A lot of people when selling their old laptops or computers will do a factory reset and format the hard drives to make sure their data is not on there when they pass it on to a new owner. But while the idea behind this is solid, the reality is that formatting your hard drive does not remove the data from it. A study done by students at MIT in 2003 proved this by buying 258 used hard drives, 68% of which had been fully reformatted and subjected them to some basic forensic software programmes. This readily available software enabled them to recover over 5,000 credit card numbers, medical records, social security numbers and other highly personal and sensitive information from the hard drives, all with just a few clicks of the mouse. In short – just because you formatted the drive doesn’t mean it’s clean. Instead you could be giving away your personal information to a complete stranger. It’s a scary thought. Fortunately there is an easy way around this. All you have to do is remove the hard drive.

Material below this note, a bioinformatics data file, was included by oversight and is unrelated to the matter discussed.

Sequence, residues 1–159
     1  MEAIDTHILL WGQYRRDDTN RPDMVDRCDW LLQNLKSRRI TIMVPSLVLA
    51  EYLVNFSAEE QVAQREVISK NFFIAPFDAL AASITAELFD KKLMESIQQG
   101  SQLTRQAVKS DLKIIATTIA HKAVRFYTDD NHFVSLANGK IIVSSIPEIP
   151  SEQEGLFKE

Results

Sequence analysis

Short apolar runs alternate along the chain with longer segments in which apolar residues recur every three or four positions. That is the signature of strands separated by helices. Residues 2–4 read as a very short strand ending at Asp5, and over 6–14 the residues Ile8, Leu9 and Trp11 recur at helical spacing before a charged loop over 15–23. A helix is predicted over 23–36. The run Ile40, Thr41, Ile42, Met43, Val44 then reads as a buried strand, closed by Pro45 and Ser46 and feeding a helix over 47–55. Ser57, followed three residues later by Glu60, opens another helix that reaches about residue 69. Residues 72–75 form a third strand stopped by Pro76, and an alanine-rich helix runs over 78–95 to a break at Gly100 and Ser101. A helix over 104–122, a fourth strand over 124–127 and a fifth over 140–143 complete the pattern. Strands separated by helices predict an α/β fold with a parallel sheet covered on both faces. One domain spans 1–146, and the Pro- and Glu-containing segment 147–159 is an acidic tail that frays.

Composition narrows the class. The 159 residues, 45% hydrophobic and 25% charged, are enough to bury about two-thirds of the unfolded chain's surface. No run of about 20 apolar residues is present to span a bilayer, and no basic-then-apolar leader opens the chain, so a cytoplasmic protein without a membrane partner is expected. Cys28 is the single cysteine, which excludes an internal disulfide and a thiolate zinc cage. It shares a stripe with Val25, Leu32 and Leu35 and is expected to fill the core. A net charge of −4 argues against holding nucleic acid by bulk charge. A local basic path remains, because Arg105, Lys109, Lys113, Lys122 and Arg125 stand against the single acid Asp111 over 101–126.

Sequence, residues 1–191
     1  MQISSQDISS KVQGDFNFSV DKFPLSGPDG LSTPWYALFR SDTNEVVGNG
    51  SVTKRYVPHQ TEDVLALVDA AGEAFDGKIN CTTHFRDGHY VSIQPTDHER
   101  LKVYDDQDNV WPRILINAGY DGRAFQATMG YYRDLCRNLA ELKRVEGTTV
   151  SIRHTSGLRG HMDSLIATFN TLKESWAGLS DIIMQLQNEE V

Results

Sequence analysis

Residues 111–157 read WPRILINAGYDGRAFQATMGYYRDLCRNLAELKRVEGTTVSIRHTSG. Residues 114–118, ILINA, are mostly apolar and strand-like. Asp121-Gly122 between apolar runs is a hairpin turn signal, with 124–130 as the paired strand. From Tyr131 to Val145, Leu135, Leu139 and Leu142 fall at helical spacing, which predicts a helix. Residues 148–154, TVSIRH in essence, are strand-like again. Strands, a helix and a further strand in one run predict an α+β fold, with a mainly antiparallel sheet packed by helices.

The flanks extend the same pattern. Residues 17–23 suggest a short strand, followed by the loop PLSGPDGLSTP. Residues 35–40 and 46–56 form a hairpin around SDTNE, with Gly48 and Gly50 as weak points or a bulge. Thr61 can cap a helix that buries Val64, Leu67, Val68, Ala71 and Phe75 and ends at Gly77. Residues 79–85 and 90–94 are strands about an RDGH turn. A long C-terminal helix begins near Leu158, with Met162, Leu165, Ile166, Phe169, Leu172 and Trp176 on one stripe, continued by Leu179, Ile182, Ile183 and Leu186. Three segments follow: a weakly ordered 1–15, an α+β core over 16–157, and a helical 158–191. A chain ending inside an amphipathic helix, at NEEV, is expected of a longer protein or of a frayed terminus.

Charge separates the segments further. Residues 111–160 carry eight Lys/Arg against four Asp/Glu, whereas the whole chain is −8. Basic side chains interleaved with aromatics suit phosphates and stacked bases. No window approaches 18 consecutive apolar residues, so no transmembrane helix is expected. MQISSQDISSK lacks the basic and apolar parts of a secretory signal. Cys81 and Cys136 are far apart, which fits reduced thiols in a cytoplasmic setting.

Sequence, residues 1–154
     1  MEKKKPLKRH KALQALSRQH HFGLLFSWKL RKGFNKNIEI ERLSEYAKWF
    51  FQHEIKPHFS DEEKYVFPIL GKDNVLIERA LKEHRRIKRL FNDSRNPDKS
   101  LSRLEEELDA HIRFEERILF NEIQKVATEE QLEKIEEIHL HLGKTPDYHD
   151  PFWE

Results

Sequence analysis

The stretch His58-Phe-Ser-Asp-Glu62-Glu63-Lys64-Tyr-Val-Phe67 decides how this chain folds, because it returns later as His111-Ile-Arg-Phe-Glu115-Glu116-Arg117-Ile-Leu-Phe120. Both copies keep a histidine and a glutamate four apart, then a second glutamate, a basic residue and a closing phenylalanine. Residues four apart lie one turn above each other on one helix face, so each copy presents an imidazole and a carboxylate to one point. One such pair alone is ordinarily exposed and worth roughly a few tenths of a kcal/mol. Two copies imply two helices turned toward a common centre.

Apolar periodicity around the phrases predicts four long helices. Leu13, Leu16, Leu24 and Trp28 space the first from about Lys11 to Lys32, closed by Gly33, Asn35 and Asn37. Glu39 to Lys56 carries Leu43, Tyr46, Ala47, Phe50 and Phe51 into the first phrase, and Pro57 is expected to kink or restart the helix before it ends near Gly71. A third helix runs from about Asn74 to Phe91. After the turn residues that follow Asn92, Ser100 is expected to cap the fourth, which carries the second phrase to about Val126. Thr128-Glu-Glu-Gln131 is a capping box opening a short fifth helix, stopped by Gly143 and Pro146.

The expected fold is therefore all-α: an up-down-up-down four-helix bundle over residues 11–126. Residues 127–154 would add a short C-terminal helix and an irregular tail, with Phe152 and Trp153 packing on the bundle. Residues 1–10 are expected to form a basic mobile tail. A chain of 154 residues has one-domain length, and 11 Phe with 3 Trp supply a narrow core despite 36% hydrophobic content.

Desktop Units

For desktop units this process is pretty simple. First you need to make sure you have backed up your data so that you don’t lose anything. Next turn the power off and unplug everything from your machine. Disconnect the internet and fully unplug it from any mains sockets to avoid electric shock.

  1. Now open up the computer case. Each model is manufactured in a different way, so you might need to unscrew a side panel or press a specific latch on the case to do this. The instruction manual for the machine may tell you how to do this, otherwise an internet search should find the information you need if you’re not sure.